[COVID-19] California Judicial Council Issues New Rules on Evictions and Judicial Foreclosures

April 9, 2020 by Anthony F. Geraci, Esq.

The California courts have new rules issued to them by the California Judicial Council (the ruling body of the courts).

California Evictions Rules

The following evictions rules have been released:

  • Prohibits a court from issuing a summons after a landlord files an eviction case, unless necessary to protect public health and safety. This means that the time for the tenant to respond to a new eviction case will not begin until the rule is lifted. In effect, it stays eviction proceedings until further notice.
  • For eviction cases where the tenant has responded or appeared, prohibits a court from setting the case for trial earlier than 60 days after a trial is requested, unless necessary to protect public health and safety.

California Judicial Foreclosures Rules

In addition, California courts have new rules regarding judicial foreclosures. This rule also applies until 90 days after the Governor lifts the Coronavirus state of emergency. The rule:

  • Prohibits a court from taking any action or issuing any decisions or judgments unless necessary for public health and safety. This effectively stays all judicial foreclosure cases in the state of California.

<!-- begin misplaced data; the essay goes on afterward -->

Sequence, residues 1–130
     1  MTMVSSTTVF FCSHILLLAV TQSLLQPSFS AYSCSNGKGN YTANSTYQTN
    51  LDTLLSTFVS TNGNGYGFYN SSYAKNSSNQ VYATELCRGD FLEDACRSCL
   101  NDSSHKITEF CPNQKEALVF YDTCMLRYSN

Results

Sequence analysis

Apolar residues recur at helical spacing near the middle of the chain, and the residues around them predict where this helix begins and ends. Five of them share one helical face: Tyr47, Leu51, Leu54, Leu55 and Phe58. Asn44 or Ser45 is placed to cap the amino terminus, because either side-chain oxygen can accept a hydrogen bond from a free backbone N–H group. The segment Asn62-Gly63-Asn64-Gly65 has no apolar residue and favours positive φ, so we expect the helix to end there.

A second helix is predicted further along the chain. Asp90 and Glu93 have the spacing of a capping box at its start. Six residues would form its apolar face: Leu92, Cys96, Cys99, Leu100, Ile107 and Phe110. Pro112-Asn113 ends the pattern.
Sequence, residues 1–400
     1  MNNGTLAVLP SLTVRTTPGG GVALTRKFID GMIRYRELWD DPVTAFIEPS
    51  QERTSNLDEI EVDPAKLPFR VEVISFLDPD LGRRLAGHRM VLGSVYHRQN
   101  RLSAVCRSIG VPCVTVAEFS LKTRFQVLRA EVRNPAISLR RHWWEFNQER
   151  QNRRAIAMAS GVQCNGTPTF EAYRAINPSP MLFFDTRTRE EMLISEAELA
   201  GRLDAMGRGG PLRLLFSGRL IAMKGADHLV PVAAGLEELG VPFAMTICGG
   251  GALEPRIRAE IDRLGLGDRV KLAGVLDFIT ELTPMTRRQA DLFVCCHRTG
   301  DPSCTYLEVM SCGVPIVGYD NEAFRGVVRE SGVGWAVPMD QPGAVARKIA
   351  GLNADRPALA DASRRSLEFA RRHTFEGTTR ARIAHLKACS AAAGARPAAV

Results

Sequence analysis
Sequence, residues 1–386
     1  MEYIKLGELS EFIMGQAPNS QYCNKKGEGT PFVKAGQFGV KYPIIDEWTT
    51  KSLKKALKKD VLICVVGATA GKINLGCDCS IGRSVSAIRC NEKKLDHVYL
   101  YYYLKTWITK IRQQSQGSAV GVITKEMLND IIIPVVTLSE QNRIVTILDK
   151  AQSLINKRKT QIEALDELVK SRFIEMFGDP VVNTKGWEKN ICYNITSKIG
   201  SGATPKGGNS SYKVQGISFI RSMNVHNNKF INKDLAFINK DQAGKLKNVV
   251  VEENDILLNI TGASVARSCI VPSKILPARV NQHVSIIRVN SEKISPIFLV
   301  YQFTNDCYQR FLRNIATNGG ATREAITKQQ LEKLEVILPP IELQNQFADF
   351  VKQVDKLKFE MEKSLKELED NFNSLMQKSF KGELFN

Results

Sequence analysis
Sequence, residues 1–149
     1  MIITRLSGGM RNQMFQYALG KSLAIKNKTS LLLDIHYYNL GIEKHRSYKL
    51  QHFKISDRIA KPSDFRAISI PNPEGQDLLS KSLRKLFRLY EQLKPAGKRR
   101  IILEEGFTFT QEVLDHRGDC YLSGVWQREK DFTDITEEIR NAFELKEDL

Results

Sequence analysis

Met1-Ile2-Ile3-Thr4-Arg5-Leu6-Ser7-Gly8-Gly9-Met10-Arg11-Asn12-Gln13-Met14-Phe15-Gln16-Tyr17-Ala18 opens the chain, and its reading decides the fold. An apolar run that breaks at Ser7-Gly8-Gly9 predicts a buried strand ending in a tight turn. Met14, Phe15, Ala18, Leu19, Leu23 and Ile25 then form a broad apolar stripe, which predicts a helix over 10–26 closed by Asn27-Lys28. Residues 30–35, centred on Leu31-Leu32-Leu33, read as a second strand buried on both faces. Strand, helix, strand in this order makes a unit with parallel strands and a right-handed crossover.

While these emergency rules effectively put evictions and foreclosures on hold at least through the summer, they do not establish any new tenant rights or defenses to an eviction, address requirements for notifying landlords or providing documentation when tenants are unable to pay rent due to loss of income or other COVID-19 related reasons, or address how repayment will be handled.

California is the latest state to enact these types of laws.

Bottom Line

The bottom line is that both judicial foreclosures and evictions are stayed a minimum of 120 days, and likely could be longer. Lenders anticipating issues with borrowers should get in front of it, discuss options with their borrower, and attempt a solution.

As of the time of this writing, nonjudicial foreclosures are still possible.

If you have any questions about this ruling, contact Geraci Law Firm here.

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